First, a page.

Tuesday, June 29, 2010;
If you need a drug for Type 2 diabetes, Consumer Reports has long advised that a time-tested older medication called metformin is your safest and best first bet. Two studies published Monday, both involving a newer drug, Avandia, underscore why.
In the first study, published in the Journal of the American Medical Association, researchers led by David Graham of the Food and Drug Administration analyzed Medicare records of more than 227,000 people who took either Avandia or another diabetes drug, Actos. They found that those using Avandia had an increased risk of stroke, heart failure and death.
In the second study, published in the Archives of Internal Medicine, Steven Nissen of the Cleveland Clinic updated his 2007 meta-analysis (an analysis that includes results of several studies) of Avandia. The new analysis, which included 14 additional studies on top of the 42 that made up the original meta-analysis, confirmed his previous finding that Avandia increases the risk of heart attacks.
An FDA advisory committee is set to discuss the safety of Avandia in mid-July. The drug already carries a warning that it can cause heart failure, but some FDA officials think it also causes heart attacks and should be pulled from the market. According to internal reports released by leaders of the Senate Finance Committee earlier this year, FDA officials speculate that if patients on Avandia were switched to Actos, 500 heart attacks and 300 cases of heart failure could be prevented every month.
The FDA documents were discovered in a two-year investigation into Avandia by the committee; its report charged that the manufacturer, GlaxoSmithKline, knew of the heart risks associated with the drug for years before the danger was made known to the public. Avandia now carries a black-box warning -- the FDA's strongest -- that the drug can cause or worsen heart failure.
GlaxoSmithKline issued a statement denying the allegations.
The report also raised grave concerns about the FDA's handling of a study that is comparing the heart risks of Avandia with Actos or a placebo. In the internal reports, FDA officials called the trial unethical and unsafe for patients, given the known heart risks of Avandia. If you are involved in this study, called the TIDE trial, ask your doctor whether Avandia or Actos is appropriate for you. (Actos also carries a warning that it can cause heart failure.)
For people who need a diabetes drug, Consumer Reports' free Best Buy Drugs report recommends metformin, either alone or with glipizide or glimepiride, as the first option. It has a well-established safety profile and is available as an inexpensive generic.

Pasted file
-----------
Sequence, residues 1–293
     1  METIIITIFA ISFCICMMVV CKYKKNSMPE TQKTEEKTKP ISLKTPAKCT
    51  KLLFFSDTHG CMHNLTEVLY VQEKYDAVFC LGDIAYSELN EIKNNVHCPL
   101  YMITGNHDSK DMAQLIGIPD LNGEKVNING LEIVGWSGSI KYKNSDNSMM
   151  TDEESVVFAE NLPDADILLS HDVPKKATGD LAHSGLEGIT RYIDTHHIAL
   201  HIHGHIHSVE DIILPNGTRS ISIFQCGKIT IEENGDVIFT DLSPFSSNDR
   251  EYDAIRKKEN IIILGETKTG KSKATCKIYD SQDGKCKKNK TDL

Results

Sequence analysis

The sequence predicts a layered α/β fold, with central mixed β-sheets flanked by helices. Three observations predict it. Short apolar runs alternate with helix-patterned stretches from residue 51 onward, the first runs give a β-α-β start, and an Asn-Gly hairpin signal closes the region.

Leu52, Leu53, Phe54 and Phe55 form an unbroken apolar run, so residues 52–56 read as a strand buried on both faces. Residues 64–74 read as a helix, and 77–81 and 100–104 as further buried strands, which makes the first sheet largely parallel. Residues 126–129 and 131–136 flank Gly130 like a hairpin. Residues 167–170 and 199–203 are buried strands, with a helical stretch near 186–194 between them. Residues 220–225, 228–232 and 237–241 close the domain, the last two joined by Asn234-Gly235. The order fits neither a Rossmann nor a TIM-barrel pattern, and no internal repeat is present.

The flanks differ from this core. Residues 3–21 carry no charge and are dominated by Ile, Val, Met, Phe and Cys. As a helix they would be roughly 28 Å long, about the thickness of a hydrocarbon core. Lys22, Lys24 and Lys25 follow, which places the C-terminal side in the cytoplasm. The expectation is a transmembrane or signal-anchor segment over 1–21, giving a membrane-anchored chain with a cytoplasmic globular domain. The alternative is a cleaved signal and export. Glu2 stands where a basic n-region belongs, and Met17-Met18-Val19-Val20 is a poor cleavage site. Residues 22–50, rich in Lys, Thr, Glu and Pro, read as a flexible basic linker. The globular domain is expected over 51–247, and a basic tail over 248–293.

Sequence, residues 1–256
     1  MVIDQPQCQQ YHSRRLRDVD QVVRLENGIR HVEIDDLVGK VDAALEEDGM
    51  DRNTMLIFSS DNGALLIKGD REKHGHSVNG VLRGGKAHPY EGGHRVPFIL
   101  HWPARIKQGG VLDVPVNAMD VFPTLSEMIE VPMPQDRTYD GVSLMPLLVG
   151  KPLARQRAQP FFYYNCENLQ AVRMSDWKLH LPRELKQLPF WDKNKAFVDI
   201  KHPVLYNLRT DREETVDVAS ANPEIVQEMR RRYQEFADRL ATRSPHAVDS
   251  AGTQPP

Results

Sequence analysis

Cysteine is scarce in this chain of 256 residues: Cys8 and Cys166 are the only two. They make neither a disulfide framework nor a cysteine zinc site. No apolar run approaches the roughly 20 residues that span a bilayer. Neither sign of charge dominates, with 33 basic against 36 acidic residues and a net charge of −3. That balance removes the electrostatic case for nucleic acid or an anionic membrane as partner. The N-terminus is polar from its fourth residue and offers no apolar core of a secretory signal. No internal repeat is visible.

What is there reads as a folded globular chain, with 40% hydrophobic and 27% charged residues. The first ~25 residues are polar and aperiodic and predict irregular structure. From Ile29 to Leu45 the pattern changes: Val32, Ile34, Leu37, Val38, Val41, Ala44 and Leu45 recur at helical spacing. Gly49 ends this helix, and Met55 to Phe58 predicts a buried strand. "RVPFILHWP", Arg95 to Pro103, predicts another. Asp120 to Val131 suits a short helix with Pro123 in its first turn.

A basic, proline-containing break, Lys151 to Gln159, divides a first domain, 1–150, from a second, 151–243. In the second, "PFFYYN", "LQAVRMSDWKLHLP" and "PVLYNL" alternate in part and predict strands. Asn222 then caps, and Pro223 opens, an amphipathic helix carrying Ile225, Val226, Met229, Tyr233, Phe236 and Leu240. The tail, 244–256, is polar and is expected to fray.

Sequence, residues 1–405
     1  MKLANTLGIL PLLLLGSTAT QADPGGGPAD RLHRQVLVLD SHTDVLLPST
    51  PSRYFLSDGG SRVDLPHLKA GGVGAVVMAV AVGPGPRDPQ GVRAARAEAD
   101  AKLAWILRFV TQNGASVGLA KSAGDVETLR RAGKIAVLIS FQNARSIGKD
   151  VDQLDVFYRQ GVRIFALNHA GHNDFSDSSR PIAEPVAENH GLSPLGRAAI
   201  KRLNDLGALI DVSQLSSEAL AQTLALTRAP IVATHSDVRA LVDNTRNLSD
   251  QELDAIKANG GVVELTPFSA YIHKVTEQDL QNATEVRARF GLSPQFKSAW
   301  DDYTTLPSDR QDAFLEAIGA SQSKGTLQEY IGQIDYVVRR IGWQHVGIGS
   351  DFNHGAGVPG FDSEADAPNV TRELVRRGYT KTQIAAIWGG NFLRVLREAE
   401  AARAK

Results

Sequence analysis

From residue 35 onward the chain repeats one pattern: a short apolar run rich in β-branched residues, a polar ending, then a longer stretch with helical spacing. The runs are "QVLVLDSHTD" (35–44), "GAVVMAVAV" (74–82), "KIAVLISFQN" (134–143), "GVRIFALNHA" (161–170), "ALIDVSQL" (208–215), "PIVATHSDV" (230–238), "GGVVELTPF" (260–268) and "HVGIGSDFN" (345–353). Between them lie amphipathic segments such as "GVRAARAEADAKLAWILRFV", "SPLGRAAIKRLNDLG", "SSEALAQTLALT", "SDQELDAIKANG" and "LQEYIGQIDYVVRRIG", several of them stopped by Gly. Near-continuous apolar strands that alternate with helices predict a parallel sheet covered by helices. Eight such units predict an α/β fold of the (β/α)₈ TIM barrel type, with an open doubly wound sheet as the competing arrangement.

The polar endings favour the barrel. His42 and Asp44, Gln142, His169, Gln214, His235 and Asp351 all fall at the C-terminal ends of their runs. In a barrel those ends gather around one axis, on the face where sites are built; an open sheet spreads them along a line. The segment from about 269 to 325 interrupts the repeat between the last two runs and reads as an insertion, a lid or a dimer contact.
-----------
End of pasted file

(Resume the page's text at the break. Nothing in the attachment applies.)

Type 2 diabetes drugs improve the body's processing of sugar. When they work well, a test measuring the long-term presence of blood sugar called HbA1c improves. Studies show that the newest medicines are not any more effective than those that have been around for decades, such as the sulfonylureas and metformin. In fact, three of the newer medicines -- acarbose, miglitol and nateglinide -- actually decrease HbA1c less than some of the older drugs. Also, all diabetes drugs have the potential to cause adverse effects, both minor and serious. The newer drugs don't have a safety advantage; in fact, they may be less safe.
Start with metformin, which offers the best combination of effectiveness, safety and affordability. Studies show that people who have trouble controlling their HbA1c level using a single medication do better if they add a second drug. Taking two medicines at once does raise the risk of side effects. But if you run into problems, your doctor may simply recommend that you try lowering the dose of one or both drugs.
Taking into consideration their overall effectiveness, safety, side effects, dosing and cost, Consumer Reports chose the following diabetes medicines as Best Buys. All of them are available as low-cost generics, costing from $10 to $60 a month, sometimes less:
-- Metformin, alone or in combination with glipizide or glimepiride.
-- Glipizide and glipizide sustained release, alone or in combination with metformin.
-- Glimepiride, alone or in combination with metformin.
Copyright 2010. Consumers Union of United States Inc.
For further guidance, go to ConsumerReportsHealth.org. More-detailed information -- including CR's ratings of prescription drugs, conditions, treatments, doctors, hospitals and healthy-living products -- is available to subscribers to that site.